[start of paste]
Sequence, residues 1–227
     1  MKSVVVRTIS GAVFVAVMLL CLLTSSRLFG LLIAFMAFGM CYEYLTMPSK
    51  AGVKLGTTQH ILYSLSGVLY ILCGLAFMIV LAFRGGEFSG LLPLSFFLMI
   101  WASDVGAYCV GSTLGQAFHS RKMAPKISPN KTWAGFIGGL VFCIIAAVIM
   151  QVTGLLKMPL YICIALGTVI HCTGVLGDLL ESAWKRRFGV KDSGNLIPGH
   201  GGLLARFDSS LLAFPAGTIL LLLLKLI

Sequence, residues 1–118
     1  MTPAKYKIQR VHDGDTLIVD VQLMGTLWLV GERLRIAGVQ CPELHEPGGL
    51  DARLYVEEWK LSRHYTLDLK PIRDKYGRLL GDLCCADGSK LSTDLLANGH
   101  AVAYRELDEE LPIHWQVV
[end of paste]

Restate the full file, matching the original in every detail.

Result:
Sequence, residues 1–227
     1  MKSVVVRTIS GAVFVAVMLL CLLTSSRLFG LLIAFMAFGM CYEYLTMPSK
    51  AGVKLGTTQH ILYSLSGVLY ILCGLAFMIV LAFRGGEFSG LLPLSFFLMI
   101  WASDVGAYCV GSTLGQAFHS RKMAPKISPN KTWAGFIGGL VFCIIAAVIM
   151  QVTGLLKMPL YICIALGTVI HCTGVLGDLL ESAWKRRFGV KDSGNLIPGH
   201  GGLLARFDSS LLAFPAGTIL LLLLKLI

Sequence, residues 1–118
     1  MTPAKYKIQR VHDGDTLIVD VQLMGTLWLV GERLRIAGVQ CPELHEPGGL
    51  DARLYVEEWK LSRHYTLDLK PIRDKYGRLL GDLCCADGSK LSTDLLANGH
   101  AVAYRELDEE LPIHWQVV